Step 3: receive x_3, f_3(x_3)=0 and \alpha_3=1>0, the support vector set S(2) becomes \{(x_3,\alpha_3)\}.
Step 4: receive x_4, compute f_4(x_4)=0.184, then \alpha_4=0.816>0, and the support vector set S(2) becomes \{(x_3,\alpha_3),(x_4,\alpha_4)\}.

Following the above four steps, input samples in the same sequence and repeat the process until the two support vector sets do not change.

For classification, when an unlabeled sample x_{new} arrives, follow the defined score function, compute score[1] using trained support vectors in S(1) and score[2] using trained support vectors in S(2). If score[1]\geq score[2], then label x_{new} as class \text{ }1, else label it as class \text{ }2.

Pseudocode[edit]

The algorithm includes two parts: training and classification.

Training[edit]

Input: training examples x and labels y, total class number n

Output: support vectors of each class and corresponding weights

1  procedure C-1SVMtraining(x,y,n)
2  for i \leftarrow 1 \text{ to } n
3      allocate a set S(i) to store support vectors for the i_{th} class
4  while there are changes for support vector sets do
5     for t\leftarrow 1 \text{ to }T
6         receive an example x_t and its label y_t
7         compute score f_t(x_t)\leftarrow \sum_{i=1} \text{min}(\alpha_i,C) \chi(S_i(y_t) \neq x_t)k(S_i(y_t),x_t)
8         update weight \alpha_t\leftarrow \frac{\gamma -f_t(x_t)}{k(x_t,x_t)}
9         if there is a vector in S(y_t) equals to x_t
10           if \alpha_t \leq 0
11              delete (x_t,\alpha_t) from S(y_t)
12        else
13           if \alpha_t>0
14              push (x_t,\alpha_t) into S(y_t)
15 return S(1),S(2),\dots,S(n)

Classification[edit]

Input: trained support vector sets S, new unlabeled example x_{new}, total class number n

Output: label y_{new}

1 procedure C-1SVMclassification(S,x_{new},n)
2 for i \leftarrow \text{ to } n
3     score[i] \leftarrow \sum_{i=1}\text{min}(\alpha_i,C)\chi(S_j(i)\neq x_{new})k(S_j(i),x_{new})
4 y_{new}\leftarrow \{1,2,\dots,n|score[y_{new}]\text{ is the maximun}\}

Support vector sets of classes can be implemented by first in first out queue.

Binary SVMs vs C-1SVMs[edit]

Fig. 1. Comparison between a binary SVM and C-1SVMs. White dots represent the training examples of the first class and black dots represent the training examples of the second class, while red dot denotes an unlabeled example.

For binary classification, binary SVM algorithm only train one SVM model giving one hyperplane. However, C-1SVM algorithm totally train two one-class SVMs. By doing so, two hyperplanes enclosing the training examples more tightly are returned, which can help toward better detecting and handling of ambiguous cases.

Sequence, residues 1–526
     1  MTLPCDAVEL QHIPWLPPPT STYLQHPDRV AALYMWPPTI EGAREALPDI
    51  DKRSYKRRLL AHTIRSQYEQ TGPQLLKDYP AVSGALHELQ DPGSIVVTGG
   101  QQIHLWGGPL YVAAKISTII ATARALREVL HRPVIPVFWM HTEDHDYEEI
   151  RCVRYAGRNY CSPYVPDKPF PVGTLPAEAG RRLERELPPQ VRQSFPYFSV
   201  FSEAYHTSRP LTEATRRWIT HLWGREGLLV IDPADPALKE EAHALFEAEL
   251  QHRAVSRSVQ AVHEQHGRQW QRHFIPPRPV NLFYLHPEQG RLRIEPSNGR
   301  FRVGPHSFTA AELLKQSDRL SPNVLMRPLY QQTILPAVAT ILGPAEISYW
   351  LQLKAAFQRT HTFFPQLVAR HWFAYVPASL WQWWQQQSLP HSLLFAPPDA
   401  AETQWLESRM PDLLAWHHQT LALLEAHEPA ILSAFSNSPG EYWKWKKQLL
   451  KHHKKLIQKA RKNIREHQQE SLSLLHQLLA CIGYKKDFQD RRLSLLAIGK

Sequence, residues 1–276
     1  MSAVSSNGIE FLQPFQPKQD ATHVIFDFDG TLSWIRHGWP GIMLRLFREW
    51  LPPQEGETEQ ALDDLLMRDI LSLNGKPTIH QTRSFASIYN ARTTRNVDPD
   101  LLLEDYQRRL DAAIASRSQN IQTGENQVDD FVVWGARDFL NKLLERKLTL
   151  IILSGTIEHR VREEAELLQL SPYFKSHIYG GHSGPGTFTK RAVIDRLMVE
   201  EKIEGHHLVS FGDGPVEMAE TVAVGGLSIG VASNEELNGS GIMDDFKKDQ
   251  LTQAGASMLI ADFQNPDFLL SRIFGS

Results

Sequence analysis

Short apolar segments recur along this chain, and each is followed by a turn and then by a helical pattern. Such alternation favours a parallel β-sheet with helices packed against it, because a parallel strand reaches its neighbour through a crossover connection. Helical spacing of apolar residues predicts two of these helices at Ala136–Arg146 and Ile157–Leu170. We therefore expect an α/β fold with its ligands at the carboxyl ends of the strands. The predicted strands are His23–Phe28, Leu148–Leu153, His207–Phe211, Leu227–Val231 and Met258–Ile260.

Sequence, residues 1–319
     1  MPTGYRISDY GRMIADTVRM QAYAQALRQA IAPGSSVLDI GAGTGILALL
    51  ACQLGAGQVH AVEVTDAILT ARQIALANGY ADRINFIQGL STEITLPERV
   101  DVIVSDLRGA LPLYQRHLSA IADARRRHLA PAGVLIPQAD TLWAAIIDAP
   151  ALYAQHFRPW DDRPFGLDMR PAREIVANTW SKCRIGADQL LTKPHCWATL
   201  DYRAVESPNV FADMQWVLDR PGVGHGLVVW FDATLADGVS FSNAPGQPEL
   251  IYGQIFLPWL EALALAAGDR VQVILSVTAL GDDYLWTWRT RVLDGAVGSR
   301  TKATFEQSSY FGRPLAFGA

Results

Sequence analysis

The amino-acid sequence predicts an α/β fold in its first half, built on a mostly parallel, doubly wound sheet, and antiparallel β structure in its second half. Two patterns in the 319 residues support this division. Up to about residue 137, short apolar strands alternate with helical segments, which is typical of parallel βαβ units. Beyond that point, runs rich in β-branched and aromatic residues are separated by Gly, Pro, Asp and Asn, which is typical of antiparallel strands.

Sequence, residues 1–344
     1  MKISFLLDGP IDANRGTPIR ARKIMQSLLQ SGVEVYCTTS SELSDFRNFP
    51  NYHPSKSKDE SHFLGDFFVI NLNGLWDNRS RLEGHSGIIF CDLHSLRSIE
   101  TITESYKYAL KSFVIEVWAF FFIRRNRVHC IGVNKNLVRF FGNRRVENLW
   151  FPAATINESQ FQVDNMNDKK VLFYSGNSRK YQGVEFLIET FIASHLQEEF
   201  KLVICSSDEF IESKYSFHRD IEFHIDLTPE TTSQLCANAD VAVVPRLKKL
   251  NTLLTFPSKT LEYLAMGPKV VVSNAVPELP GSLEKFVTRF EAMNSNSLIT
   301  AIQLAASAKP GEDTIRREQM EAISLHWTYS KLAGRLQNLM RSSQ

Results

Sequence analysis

A detailed comparison is given in Fig.1. Denote while dots as the first class and black dots as the second class. The line between white dots and black dots represents the hyperplane trained by binary SVM. The circles enclosing white dots or black dots are hyperplanes trained by C-1SVMs. In case (a), binary SVM classifies the red dot as the first class, whereas C-1SVMs classifies it as unknown because neither of one-class SVM hyperplanes include it as inlier. In case (b), because the distance between the red dot and the hyperline of binary SVM is too small, binary SVM does not have high confidence to label it, whereas C-1SVMs can correctly label it as the second class.

Complexity[edit]

Training: denote the total number of the optimal support vectors as m. Considering the worst case performance, we only add or delete one support vector in the loop of line 5 in the procedure C-1SVMtraining. Hence, m loops are required to convergence at most. Further, for each loop, T examples are received. Finally the running time could be O(mT). If all of the examples are support vectors in the worst case, O(T) space is required to store them.

Classification: to make classification, scores of all classes are computed. The running time and required space is both \Theta(n).

Applications[edit]

Most classification problems in machine learning can be solved by C-1SVMs. Similar to the SVM, C-1SVMs can also be applied in Computer Vision, Data Mining, Speech Recognition. For example, Gong and Cheng use C-1SVM algorithm to solve foreground segmentation of live videos[1], a problem in Computer Vision. They trained two one-class SVMs, one is for foreground pixels, and another one is for background pixels. When a new unlabeled pixel arrives, label it as foreground pixel or background pixel cooperatively using foreground and background one-class SVM.

References[edit]

  1. ^ a b Gong, Minglun; Cheng, Li (2011). "Foreground segmentation of live videos using locally competing 1SVMs". IEEE Conference on Computer Vision and Pattern Recognition (CVPR). 
  2. ^ Sch¨olkopf, Bernhard; Platt, John C.; Shawe-Taylor, John; Smola, Alex J. (2001). "Estimating the support of a high-demensional distribution". Neural Computation, Vol. 13: 1443–1472. 
  3. ^ Bottou, Leon; Bousquet, Olivier (2008). "The Tradeoffs of Large Scale Learning". Advances in Neural Information Processing Systems. 
  4. ^ Cheng, Li; Vishwanathan, S.V. N.; Schuurmans, Dale; Wang, Shaojun; Caelli, Terry (2007). "Implicit Online Learning with Kernels". Advances in Neural Information Processing Systems. 

Category:Machine learning Category:Support vector machines Category:Classification algorithms